Civil War Centennial

Civil War Centennial

This series features five stamps – one for each year of the Civil War – to commemorate its 100th anniversary.

US #1178 Fort Sumter
US #1178
Fort Sumter
When South Carolina seceded from the Union in 1860, plans were made quickly to seize the U.S. forts in the Harbor at Charleston, S.C. – Fort Moultrie and Fort Sumter. The forts were under the command of Major Robert Anderson. Anderson had established his command at Fort Moultrie, but moved to Fort Sumter for its superior defenses.

Fort Sumter was of little strategic importance to the U.S. It was incomplete, and all 60 of its guns faced the sea. However, it became a symbol of national unity. To President Lincoln, giving up the fort meant accepting secession. After demands for surrender, Confederate forces began a fierce bombardment of Fort Sumter on April 12, 1861. Two days later, Union forces evacuated the fort. The Confederates allowed Anderson and his men to leave with their flag and weapons. Union forces regained control of Fort Sumter in February 1865.
US #1179 Battle of Shiloh
US #1179
Battle of Shiloh
The Battle of Shiloh was fought in Pittsburg Landing, Tennessee, a village 20 miles north of Corinth. Union General Ulysses S. Grant stopped there while moving his troops down the Tennessee River. Confederate General Albert Sidney Johnston decided on a surprise attack on Grant’s 42,000 troops with his 40,000 men.
The battle, named after a church on the battlefield, was fought on April 6 and 7, 1862. On the first day, Johnston’s surprise attack nearly smashed through Grant’s defenses. Johnston was killed in the fighting. The next day, Grant was reinforced with troops, and the general drove the Confederates to Corinth. About 13,000 Union troops and nearly 11,000 Confederate troops died at the battle.
US #1180 Battle of Gettysburg
US #1180
Battle of Gettysburg
The Battle of Gettysburg was a major turning point in the American Civil War. General George C. Meade commanded a Union army of about 90,000 men against General Robert E. Lee’s Confederate army of 75,000. The two forces met by accident in the small town of Gettysburg, Pennsylvania. Both sides suffered terrible casualties, 22,800 men from the North and 22,600 from the South. However, the Confederates lost the battle. The Confederate army was battered and unable to recover from the loss. The South was never again able to launch a major offensive.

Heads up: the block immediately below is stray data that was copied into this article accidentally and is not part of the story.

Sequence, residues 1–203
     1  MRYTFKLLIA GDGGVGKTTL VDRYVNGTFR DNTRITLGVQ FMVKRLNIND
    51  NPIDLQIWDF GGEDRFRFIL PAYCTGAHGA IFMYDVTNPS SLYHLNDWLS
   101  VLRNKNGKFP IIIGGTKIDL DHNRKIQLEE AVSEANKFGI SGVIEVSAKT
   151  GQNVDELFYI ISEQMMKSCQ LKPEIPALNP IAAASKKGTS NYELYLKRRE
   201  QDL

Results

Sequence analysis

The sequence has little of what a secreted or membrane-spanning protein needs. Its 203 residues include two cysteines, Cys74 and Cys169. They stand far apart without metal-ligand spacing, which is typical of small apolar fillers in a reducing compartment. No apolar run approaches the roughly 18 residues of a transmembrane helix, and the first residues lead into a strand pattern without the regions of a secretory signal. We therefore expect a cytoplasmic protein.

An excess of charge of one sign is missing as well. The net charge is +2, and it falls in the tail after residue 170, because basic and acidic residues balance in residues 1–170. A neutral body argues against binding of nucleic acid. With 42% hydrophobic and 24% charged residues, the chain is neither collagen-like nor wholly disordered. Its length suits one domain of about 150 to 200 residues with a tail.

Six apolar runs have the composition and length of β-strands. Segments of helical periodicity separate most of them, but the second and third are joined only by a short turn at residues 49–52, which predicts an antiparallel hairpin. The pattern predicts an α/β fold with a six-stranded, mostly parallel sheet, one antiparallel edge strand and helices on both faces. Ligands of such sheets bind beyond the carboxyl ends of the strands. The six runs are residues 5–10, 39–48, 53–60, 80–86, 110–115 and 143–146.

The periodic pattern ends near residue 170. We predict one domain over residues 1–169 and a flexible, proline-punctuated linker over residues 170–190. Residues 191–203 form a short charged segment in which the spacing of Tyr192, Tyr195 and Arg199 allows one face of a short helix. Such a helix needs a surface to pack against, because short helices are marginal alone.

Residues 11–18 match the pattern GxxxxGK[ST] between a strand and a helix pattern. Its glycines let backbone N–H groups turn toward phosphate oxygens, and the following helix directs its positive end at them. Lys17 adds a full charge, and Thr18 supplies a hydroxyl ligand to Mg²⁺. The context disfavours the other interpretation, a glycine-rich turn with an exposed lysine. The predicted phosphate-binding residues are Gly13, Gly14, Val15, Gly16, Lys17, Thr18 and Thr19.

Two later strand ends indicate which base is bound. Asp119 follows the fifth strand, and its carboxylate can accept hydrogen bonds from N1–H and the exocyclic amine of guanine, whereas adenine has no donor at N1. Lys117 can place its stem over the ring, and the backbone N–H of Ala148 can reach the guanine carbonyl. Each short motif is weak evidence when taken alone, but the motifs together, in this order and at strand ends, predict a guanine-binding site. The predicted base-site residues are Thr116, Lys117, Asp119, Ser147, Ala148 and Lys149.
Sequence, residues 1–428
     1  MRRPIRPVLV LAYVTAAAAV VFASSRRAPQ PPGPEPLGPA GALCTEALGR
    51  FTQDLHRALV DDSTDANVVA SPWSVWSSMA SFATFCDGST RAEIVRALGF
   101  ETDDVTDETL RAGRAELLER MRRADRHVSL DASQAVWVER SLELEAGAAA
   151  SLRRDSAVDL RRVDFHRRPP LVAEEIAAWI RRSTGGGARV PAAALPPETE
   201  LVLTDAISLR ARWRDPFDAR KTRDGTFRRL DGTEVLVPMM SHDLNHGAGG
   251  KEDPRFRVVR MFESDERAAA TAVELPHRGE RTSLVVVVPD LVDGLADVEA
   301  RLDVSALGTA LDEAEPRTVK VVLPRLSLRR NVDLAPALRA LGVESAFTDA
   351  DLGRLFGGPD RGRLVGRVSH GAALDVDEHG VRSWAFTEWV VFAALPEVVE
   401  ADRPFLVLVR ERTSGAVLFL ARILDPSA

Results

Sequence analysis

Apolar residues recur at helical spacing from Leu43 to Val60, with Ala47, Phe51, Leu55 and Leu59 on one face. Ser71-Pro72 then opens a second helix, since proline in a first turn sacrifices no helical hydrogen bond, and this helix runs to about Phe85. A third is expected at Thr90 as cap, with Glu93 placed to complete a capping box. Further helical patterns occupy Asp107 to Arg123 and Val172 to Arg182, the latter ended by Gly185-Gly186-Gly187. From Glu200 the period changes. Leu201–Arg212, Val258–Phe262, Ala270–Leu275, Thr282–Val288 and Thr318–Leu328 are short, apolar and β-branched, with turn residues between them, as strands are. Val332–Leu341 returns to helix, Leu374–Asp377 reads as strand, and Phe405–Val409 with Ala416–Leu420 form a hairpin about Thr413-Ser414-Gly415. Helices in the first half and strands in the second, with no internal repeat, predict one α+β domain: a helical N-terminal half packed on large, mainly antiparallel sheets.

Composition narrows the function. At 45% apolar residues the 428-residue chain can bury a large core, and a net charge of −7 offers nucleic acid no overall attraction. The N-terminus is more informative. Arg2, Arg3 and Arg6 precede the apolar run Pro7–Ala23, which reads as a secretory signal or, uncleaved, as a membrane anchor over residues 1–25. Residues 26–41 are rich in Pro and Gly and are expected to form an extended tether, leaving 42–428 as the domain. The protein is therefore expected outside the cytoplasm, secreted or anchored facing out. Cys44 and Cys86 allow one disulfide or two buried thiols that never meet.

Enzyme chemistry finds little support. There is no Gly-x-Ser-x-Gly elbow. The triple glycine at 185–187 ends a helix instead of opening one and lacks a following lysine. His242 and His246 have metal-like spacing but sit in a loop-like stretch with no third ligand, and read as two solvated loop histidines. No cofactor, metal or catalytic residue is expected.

US #1181 Battle of the Wilderness
US #1181
Battle of the Wilderness

In the spring of 1864, the Union and Confederate armies were in a race toward Richmond, the capital of the Confederacy. Union General Ulysses S. Grant’s main objective was to get between Lee’s army and Richmond, thus severing its communications and supplies.

On May 3, 1864, the Union army crossed the Rapidan River and entered a dense forest known as the Wilderness. Knowing that Lee avoided engagements on difficult ground, Grant ordered his men to camp for the night. The next morning they would set off and attempt to get between Lee and Richmond.

The following morning, as the Union army was beginning its march out of the Wilderness, the Confederates attacked. Because of the thick vegetation in the forest, it was difficult to see or maneuver properly, making an effective battle impossible. Cavalry and artillery were useless in such an environment, so much of the fighting was nearly hand to hand. Before long, the flashes from muskets ignited the dry underbrush. Fire claimed the lives of many wounded still lying on the battlefield.

Grant considered the battle a Union victory because he was able to accomplish his objective of getting his troops across the Rapidan River (practically in the face of Lee’s army) and re-forming as a unit on the other side. However, because of the heavy casualties on both sides, history remembers it as a tactical draw.

US #1182 Appomattox
US #1182

On April 9, 1865, after a week of almost daily conflicts with Grant’s Union army, Lee’s Confederates approached the small Virginia settlement of Appomattox. After a short battle with a much larger Union force at Appomattox, Lee sent word to Grant that he wished to surrender.

The two generals, each with a small group of officers, met in the parlor of Wilmer McLean to negotiate terms. Grant’s terms were generous. Soldiers were allowed to keep their horses for the next year’s plowing, and officers were allowed to keep their pistols. Grant also ordered that Confederate prisoners be fed with Union rations and that the Union soldiers refrain from celebrating the victory in the presence of the defeated Confederate army.

At long last, America’s tragic Civil War had come to an end.


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